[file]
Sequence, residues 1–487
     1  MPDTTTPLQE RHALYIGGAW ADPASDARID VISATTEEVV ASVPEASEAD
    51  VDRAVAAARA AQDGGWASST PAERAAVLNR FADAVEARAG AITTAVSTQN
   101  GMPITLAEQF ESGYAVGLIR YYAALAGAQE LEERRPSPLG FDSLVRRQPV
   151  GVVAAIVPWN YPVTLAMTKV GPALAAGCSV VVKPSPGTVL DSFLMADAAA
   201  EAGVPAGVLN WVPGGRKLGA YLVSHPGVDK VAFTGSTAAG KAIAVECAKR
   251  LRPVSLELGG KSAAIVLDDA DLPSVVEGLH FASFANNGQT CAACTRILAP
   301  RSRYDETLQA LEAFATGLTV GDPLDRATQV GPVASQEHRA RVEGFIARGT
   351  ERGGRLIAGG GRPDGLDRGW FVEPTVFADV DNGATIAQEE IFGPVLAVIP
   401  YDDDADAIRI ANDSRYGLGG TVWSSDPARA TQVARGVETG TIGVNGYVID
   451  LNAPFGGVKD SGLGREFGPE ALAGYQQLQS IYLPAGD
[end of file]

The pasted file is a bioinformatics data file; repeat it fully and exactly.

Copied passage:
Sequence, residues 1–487
     1  MPDTTTPLQE RHALYIGGAW ADPASDARID VISATTEEVV ASVPEASEAD
    51  VDRAVAAARA AQDGGWASST PAERAAVLNR FADAVEARAG AITTAVSTQN
   101  GMPITLAEQF ESGYAVGLIR YYAALAGAQE LEERRPSPLG FDSLVRRQPV
   151  GVVAAIVPWN YPVTLAMTKV GPALAAGCSV VVKPSPGTVL DSFLMADAAA
   201  EAGVPAGVLN WVPGGRKLGA YLVSHPGVDK VAFTGSTAAG KAIAVECAKR
   251  LRPVSLELGG KSAAIVLDDA DLPSVVEGLH FASFANNGQT CAACTRILAP
   301  RSRYDETLQA LEAFATGLTV GDPLDRATQV GPVASQEHRA RVEGFIARGT
   351  ERGGRLIAGG GRPDGLDRGW FVEPTVFADV DNGATIAQEE IFGPVLAVIP
   401  YDDDADAIRI ANDSRYGLGG TVWSSDPARA TQVARGVETG TIGVNGYVID
   451  LNAPFGGVKD SGLGREFGPE ALAGYQQLQS IYLPAGD